I’m dreading all the copy-cats who will apply this “change the rules” idea to other genres, only not half as cleverly. It’s coming. You know it is.

I’ve wanted something like this forever. It’s so refreshing. And the strangest thing of all is, I should have been frustrated on principle with Baba is You. I hate puzzles with multiple outs. It’s unrefined and inelegant. But, it works here! It takes none of the enjoyment out of that “Ta Da!” moment when a solution reveals itself to you. There’s hundreds of levels in Baba is You, but it never gets old. To assure that, I played it the right way: I knocked a couple stages out per day instead of plowing through it to the point I got sick of it. I know some people disagree with me on that, but I believe it’s how puzzlers play best. Even the best titles in the genre make for better appetizers than main courses. I think that’s where Baba is You really shines. Play a few levels when you have twenty minutes to kill. Maybe you’ll make progress. Maybe you won’t. But, you won’t be bored. I don’t think you will even if you do brute your way through it all in a day or two. I’ve played dozens of games like Baba, and simultaneously never played anything like it. It’s special. I know this wasn’t my funniest or most intense review. What can I say? The developer literally gave me no flaws to work with. That’s the shit thing about perfection: it has no consideration for how much us critics suffer.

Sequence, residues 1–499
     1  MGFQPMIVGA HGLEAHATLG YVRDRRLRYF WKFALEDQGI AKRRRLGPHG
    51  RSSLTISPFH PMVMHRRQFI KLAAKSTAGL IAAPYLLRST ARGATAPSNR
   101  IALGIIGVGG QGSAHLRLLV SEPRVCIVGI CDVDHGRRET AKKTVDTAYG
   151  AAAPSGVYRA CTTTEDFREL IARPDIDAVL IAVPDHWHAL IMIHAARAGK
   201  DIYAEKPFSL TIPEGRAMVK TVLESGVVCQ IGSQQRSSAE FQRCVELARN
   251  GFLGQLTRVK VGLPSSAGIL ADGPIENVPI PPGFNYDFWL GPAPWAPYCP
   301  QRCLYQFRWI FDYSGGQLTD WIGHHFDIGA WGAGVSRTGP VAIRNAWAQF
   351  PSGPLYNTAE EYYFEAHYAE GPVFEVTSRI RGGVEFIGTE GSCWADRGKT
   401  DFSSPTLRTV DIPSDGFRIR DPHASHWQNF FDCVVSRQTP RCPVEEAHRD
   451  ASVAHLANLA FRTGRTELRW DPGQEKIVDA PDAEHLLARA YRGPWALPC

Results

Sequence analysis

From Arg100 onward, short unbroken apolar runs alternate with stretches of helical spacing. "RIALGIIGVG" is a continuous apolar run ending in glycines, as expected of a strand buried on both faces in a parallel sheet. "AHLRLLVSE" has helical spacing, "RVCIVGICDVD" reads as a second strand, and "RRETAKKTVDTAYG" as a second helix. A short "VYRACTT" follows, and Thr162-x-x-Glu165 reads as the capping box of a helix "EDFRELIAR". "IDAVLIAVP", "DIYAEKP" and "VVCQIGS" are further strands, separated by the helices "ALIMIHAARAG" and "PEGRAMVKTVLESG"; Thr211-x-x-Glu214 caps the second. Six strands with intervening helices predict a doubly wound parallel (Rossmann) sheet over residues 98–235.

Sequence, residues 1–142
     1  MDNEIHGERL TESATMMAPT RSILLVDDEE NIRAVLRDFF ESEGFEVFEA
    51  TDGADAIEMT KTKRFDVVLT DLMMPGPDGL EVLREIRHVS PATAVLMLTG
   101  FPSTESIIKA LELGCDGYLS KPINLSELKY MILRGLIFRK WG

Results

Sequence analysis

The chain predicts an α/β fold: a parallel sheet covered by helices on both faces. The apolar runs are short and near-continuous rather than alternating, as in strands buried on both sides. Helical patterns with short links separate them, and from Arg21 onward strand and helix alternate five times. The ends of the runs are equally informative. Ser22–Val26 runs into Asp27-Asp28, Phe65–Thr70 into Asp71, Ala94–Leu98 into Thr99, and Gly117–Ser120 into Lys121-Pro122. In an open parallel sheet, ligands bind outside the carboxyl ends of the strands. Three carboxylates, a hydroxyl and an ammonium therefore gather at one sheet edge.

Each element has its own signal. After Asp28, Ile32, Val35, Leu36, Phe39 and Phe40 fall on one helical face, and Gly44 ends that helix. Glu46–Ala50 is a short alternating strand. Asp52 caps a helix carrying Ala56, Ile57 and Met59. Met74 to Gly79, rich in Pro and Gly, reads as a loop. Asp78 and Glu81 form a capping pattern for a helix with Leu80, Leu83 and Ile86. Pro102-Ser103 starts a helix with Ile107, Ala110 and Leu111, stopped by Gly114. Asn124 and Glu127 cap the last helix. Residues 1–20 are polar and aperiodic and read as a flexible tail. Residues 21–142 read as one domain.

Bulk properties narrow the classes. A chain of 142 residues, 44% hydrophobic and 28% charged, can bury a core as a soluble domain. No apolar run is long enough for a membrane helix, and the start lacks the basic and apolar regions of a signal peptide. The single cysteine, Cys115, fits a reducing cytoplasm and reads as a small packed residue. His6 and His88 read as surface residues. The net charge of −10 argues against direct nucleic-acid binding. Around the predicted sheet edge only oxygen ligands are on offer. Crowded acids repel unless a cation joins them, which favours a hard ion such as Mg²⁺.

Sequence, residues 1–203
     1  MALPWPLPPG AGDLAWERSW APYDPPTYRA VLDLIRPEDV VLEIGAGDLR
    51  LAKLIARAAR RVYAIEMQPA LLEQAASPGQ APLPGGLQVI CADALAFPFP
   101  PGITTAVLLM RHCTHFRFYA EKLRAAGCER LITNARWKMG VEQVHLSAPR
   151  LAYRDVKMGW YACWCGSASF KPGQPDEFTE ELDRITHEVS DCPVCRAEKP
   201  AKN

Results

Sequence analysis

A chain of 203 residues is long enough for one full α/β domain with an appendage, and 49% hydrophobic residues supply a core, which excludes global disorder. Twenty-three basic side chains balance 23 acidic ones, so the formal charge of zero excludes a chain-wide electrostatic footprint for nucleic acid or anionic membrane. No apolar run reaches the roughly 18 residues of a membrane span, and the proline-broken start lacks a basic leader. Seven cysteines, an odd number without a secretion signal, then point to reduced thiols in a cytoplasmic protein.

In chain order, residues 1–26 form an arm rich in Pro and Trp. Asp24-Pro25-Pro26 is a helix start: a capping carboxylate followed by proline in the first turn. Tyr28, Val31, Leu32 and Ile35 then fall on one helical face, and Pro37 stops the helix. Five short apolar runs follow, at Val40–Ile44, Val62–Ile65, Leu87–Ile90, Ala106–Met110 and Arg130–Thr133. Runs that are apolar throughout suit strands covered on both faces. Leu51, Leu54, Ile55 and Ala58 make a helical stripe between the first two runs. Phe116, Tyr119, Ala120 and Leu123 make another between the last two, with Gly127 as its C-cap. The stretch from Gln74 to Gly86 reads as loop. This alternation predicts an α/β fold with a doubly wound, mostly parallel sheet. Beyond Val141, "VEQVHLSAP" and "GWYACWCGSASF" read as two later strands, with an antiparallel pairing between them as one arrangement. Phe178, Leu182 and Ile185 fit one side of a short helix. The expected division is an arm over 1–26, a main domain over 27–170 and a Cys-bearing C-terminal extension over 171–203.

Baba is You was developed by Hempuli
Point of Sale: Switch, Steam

$10 (Normally $15) knocked Gateways! off the Indie Gamer Chick Leaderboard Top 25 after 2,648 days in the making of this review.

Baba is you is Chick-Approved and ranked on the Indie Gamer Chick Leaderboard

About Indie Gamer Chick
Indie game reviews and editorials.

One Response to Baba is You (Switch Review)

  1. Pingback: YOU HEARTLESS BASTARDS: Escape Goat (Nintendo Switch Review) | Indie Gamer Chick